It’s the end of July, which means two things: the weather’s nice and it’s time for a countdown of the month’s best music picks.
10. Summerfest ends, the city exhales
Withstanding unseasonable weather and underwhelming side-stage offerings for six of the first seven days soured my already not-that-ecstatic mood on the Big Gig, but I’ve recently come to terms with Summerfest. It helps select local bands gain some exposure—and sometimes, compensation—brings in heaps of money downtown, and, hey, offers the opportunity to scream to the choruses of Third Eye Blind songs. According to a press release, attendance rose slightly this year—hitting 851,879 turnstile revolutions, up 1.4% from last year. Considering the poor weather, that number seems like quite the accomplishment and perhaps a sign of even better days ahead. But, please, do not think about extending the World’s Largest Music Festival any longer.
9. The Die Kreuzen oral history gets a Facebook page
Local music scribe Sahan Jayasuriya is in the process of writing (err, compiling) an oral history on well-deserving ‘80s punk legends Die Kreuzen. It’s tentatively slated for a 2015 release according to the recently created Facebook page, which has been posting quite regularly lately and will provide an accessible forum to bug Jayasuriya to stop updating Facebook and finish the goddamn book already.
8. Wooldridge Brothers successfully funds two projects, instantly share a reward
Loaning friends money always makes things awkward. You’re better off thinking of the loan as a donation because, in most situations, you’re not getting that money back. Many Kickstarter campaigns feel the same way—that your investment won’t see a return for some time but you contribute anyway to simply support the cause. Americana group The Wooldridge Brothers successfully funded a two-projects-in-one Kickstarter campaign early this month (for the band’s next album and Scott Wooldridge’s solo effort) and are already sharing some bonus material as a reward. Check out other Milwaukee musicians (Testa Rosa, Chris Porterfield, Liv Mueller, Chris DeMay and more) who cover the Wooldridge Brothers oeuvre.
7. Hey, look, it’s the new Sugar Stems album
Most nights, power-pop sounds flood almost every club in city with aggressive power chords, an up-tempo pace and soaring melodies. None, however, enliven the genre as well as Sugar Stems, who this month released a new record, Only Come Out At Night. Listen to it below.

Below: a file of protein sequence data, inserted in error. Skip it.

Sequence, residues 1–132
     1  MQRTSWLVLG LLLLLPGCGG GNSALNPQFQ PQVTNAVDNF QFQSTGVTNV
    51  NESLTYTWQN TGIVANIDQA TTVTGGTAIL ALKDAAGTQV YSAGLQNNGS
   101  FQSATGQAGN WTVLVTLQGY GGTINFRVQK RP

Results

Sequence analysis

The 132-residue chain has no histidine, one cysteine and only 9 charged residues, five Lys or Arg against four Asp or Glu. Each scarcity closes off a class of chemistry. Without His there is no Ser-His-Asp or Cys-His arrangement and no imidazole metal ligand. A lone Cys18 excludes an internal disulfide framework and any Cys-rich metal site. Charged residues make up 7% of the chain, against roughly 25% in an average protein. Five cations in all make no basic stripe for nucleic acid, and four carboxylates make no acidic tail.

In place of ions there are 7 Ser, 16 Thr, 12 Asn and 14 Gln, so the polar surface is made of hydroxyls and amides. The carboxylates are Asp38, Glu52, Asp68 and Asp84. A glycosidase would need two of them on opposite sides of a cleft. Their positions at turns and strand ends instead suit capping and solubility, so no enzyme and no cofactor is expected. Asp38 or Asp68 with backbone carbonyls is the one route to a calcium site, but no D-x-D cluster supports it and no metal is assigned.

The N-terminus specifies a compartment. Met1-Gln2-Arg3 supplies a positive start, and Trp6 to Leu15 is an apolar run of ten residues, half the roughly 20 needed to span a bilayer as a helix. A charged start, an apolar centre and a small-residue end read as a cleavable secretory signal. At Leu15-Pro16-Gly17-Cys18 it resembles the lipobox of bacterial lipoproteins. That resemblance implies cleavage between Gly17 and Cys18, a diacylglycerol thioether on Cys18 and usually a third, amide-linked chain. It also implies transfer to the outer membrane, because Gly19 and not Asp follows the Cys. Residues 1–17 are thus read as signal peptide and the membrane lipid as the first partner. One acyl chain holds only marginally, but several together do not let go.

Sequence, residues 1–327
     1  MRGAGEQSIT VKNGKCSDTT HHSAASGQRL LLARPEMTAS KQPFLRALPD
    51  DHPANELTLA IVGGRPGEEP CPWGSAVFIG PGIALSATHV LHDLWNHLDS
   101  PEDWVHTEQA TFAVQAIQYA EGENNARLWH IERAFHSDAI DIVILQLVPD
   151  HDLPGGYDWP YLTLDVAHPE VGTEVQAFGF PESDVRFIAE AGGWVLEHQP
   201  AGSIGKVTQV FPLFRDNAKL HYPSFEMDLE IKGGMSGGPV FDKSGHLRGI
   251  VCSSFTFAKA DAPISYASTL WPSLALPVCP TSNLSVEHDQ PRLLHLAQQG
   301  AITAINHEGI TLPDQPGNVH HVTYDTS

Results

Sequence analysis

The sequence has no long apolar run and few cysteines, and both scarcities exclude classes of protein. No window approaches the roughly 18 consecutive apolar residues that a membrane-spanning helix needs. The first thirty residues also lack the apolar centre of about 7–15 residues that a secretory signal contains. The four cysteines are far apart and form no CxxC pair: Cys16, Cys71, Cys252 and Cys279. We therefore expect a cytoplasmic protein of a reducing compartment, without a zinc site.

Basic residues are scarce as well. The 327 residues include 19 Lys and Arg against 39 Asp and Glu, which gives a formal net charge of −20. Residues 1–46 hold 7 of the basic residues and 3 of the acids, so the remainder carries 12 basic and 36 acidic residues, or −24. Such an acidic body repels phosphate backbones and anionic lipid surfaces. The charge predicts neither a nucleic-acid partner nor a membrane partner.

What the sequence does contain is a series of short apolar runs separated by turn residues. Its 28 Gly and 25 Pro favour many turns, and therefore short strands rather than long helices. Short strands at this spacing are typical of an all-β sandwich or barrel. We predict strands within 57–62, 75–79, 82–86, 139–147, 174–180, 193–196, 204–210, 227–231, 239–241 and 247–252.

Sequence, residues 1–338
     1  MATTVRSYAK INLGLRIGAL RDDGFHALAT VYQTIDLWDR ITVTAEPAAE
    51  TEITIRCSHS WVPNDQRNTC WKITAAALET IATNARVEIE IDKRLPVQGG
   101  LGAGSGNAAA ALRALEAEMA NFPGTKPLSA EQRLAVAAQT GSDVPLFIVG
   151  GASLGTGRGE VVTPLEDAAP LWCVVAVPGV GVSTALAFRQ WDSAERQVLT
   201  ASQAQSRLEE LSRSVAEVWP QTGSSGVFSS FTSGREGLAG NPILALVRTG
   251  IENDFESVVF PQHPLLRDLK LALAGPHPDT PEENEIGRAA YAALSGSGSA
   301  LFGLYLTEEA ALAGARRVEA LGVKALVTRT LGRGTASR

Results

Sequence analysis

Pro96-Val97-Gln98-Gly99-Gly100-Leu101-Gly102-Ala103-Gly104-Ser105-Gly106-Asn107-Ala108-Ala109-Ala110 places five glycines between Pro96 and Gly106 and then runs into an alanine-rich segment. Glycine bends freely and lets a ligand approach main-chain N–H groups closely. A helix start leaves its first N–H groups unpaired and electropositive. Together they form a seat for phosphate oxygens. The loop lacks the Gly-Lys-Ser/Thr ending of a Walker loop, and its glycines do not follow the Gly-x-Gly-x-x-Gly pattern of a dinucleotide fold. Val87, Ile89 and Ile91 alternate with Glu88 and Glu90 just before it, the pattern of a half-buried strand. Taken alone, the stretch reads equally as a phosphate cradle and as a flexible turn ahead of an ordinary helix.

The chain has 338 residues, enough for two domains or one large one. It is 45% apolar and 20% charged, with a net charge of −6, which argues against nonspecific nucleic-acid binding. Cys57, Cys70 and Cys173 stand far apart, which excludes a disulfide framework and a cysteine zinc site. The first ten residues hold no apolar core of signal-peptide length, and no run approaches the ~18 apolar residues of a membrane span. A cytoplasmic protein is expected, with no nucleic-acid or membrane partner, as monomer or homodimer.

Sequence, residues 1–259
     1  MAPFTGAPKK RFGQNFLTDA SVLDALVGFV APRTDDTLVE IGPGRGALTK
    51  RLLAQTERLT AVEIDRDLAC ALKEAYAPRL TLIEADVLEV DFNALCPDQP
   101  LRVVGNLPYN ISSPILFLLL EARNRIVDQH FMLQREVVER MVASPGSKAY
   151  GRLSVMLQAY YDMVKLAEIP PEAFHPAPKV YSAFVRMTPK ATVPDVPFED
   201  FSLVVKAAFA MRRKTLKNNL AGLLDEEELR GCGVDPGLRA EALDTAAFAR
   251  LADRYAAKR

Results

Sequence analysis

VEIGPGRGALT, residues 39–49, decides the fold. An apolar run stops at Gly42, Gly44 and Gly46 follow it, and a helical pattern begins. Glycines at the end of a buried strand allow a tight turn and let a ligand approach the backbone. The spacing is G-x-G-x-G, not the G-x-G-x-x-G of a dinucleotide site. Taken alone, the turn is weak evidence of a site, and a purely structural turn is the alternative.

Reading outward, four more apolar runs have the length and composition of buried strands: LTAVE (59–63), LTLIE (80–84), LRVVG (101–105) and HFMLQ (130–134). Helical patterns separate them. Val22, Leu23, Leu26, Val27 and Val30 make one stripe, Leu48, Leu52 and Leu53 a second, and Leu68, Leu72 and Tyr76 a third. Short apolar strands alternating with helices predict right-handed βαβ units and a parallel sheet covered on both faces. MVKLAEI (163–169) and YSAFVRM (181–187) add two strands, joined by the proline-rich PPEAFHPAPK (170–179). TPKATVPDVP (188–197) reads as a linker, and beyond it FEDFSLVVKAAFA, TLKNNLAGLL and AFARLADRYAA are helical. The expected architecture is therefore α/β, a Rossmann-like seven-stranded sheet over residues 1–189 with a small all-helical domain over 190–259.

6. Mark Borchardt captures Tapebenders’ experiencing the world’s worst band meltdown in the music video for “Semantics”
Telling a coherent and entertaining narrative throughout a music video can be challenging. Oftentimes there just aren’t enough frames to capture the complete story. That’s not the case with the music video for “Semantics” from the Tapebenders (formerly Ellusive Parallelograms). I’d rather not give away the video’s hilarious and shocking narrative. Just watch below:
5. The New Red Moons eclipses debut with new full-length Mesmérisme
Honing its sound and dynamics since 2011’s eponymous debut, The New Red Moons returned this month tighter than ever on follow-up Mesmérisme, an enchanting, bucolic journey through the subconscious of lead singer Joe McIlheran. For more, read my post on them from a few weeks ago. You can listen to the album below.
4. Bright Kind shimmers on self-titled “debut”
Rising from the ashes of the celebrated piano rock act Jeanna Salzer Band, the renamed, reinvented Bright Kind added synthesizers and an ethereal vibe to its sonic palette a couple years ago, but this month finally got around to releasing its first material under the moniker. The new direction suits them perfectly. Read my profile on the band from the magazine’s July issue, or listen for yourself.
3. Field Report unleashes first track from forthcoming album
Chris Porterfield’s songs under the Field Report moniker always seem to flutter with a palpable weightlessness. That feeling reaches even higher in the sky on “Wings,” the first track released from his upcoming sophomore record Marigolden.
2. Sat. Nite Duets resembles a disc jockey on latest EP
Last year’s Electric Manland dissipated any complaints that Sat. Nite Duets simply reconditioned Pavement tunes. That record cultivated a distinct scrappy sound that dissolved its influences. This month the band returned with another stable of songs that seems to switch directions following each track—the EP’s title, Los DJs, more than hints at the constantly changing styles. The slapdashery suits Sat. Nite Duets well, and hopefully the band continues down this diverse path. Or as the closing song goes, “Viva los DJs.”
1. GGOOLLDD releases buoyant synth-pop debut EP $tandard$
The gaucheness to use an all-caps moniker with double letters makes a band susceptible to bad first impressions. It’s inherent in most music circles to immediately dismiss bands with cumbersome names. Fortunately, GGOOLLDD wields impressively catchy material to defend against being easily rejected. One listen to the infectious synth pop on $tandard$ and you realize the band is all about excess. And it all makes sense.